Although there have never been more eCommerce platforms on the market, there are still a lot of reasons to love Shopify.
The platform is extremely popular for being extremely user-friendly.
That popularity means that there is also a massive network of developers constantly creating plugins, extensions, and apps that make Shopify even more effective.
However, one of the biggest reasons Shopify has remained so popular since its launch in 2006 is that it’s fantastic for conversions. If you want to see how you can increase your Shopify store’s conversion rate even further, I’ll show you the seven best ways I know about.
What Is a Good Shopify Conversion Rate?
But first, let’s talk about what a good conversion rate would be for your Shopify store.
According to VWO, the average eCommerce conversion rate across all devices and every country is 2.58%.
Given Shopify’s many conversion-friendly features, there’s no reason yours shouldn’t be even higher, though.
That said, conversion rates differ greatly by industry. VWO reports the following averages:
- Agricultural Supplies: 1.41%
- Arts and Crafts: 4.01%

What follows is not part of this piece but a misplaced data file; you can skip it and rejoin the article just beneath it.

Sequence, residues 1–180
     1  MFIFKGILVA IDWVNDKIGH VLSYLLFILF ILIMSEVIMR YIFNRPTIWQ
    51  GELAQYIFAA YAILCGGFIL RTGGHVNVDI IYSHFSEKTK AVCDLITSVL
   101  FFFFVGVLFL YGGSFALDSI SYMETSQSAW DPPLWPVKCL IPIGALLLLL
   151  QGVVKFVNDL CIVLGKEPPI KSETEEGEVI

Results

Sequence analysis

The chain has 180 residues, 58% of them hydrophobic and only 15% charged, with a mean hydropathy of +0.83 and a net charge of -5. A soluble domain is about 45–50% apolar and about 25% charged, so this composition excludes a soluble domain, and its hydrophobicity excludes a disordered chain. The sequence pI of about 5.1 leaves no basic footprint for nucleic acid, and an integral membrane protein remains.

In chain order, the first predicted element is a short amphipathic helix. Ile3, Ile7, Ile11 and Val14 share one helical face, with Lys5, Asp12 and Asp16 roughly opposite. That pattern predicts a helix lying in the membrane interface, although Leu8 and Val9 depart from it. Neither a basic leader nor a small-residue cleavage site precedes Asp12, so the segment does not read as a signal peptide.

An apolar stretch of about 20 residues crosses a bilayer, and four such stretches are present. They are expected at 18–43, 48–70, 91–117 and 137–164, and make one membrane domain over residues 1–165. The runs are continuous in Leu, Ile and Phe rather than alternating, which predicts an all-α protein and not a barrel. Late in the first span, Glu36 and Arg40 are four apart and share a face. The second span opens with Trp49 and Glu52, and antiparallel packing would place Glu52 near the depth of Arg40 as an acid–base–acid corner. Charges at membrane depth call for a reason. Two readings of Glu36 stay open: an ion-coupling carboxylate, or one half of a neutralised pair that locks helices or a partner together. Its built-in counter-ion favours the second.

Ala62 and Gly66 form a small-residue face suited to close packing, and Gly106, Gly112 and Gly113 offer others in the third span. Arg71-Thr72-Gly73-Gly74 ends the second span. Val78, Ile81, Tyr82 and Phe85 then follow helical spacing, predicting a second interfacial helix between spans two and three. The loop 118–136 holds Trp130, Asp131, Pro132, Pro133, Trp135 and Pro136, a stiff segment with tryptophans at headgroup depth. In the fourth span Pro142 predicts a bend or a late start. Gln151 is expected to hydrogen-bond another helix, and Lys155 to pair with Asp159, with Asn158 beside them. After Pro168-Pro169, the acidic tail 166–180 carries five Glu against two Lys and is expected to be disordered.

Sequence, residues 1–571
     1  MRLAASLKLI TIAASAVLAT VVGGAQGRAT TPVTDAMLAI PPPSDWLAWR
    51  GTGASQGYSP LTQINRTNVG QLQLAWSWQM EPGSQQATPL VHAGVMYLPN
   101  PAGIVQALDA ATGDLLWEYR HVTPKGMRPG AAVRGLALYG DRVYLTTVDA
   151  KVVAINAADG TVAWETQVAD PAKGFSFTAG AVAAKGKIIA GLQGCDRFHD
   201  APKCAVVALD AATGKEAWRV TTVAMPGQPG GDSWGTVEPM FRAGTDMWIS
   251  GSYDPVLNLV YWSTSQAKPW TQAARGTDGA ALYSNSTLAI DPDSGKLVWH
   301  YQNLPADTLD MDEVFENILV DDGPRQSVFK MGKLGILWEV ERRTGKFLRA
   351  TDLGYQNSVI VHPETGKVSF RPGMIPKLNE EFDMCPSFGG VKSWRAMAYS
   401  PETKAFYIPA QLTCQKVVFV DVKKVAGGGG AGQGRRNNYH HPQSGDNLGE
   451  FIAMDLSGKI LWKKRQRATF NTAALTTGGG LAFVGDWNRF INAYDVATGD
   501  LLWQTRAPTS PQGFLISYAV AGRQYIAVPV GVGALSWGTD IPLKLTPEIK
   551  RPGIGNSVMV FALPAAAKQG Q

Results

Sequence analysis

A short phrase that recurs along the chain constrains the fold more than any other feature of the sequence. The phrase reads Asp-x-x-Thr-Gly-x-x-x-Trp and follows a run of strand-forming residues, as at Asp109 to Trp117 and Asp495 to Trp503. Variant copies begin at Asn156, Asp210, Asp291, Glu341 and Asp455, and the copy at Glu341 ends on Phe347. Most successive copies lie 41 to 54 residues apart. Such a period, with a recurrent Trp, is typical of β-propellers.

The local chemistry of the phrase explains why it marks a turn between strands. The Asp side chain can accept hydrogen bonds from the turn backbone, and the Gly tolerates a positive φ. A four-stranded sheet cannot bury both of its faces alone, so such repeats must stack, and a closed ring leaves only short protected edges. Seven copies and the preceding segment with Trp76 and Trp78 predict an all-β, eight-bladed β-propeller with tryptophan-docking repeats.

- Baby and Child: 0.71%
- Cars and Motorcycling: 1.36%
- Electrical and Commercial Equipment: 2.7%
- Fashion Clothing and Accessories: 1.41%
- Food and Drink: 0.90%
- Health and Wellbeing: 2.02%
- Home Accessories and Giftware: 1.46%
- Kitchen and Home Appliances: 1.61%
- Pet Care: 2.51%
And it also depends on which devices your visitors tend to prefer for visiting your Shopify site. VWO notes that the average conversion rate for desktop users is closer to 4.14%, whereas it drops to around 1.82% for users on mobile devices.
So, if your Shopify site regularly attracts more mobile users than those on computers, your conversion rate may fall below the average of 2.58%.
How to Increase Your Shopify Conversion Rate
Alright, you have created your Shopify store, and by now, you know the importance of increasing your Shopify conversion rate for maximizing your sales.
How do you go about doing that?
Here are seven of the best tips I’ve picked up over the years for quickly increasing your Shopify conversion rate.
They work for our clients.
They're going to work for you, too.
1. Find the Pages Where You Lose the Most Customers
Right off the bat, I want to focus on one of the biggest mistakes I see companies make when they try to improve a low conversion rate: assuming each page of their site is equally responsible for it.
As such, they come up with a very general solution, the kind they can apply across as much of their site as possible.
Unfortunately, these kinds of expansive solutions usually result in little – or even no – increase in conversions.
Don’t get me wrong.
Sometimes, you may need to apply basic changes across your entire site.
I’m going to cover a prime example of this next.
For now, one of the most important tips I can give for increasing your conversion rate on Shopify is to take a look at how customers are currently interacting with each page of your store. You can easily do this by tracking user flow through Google Analytics.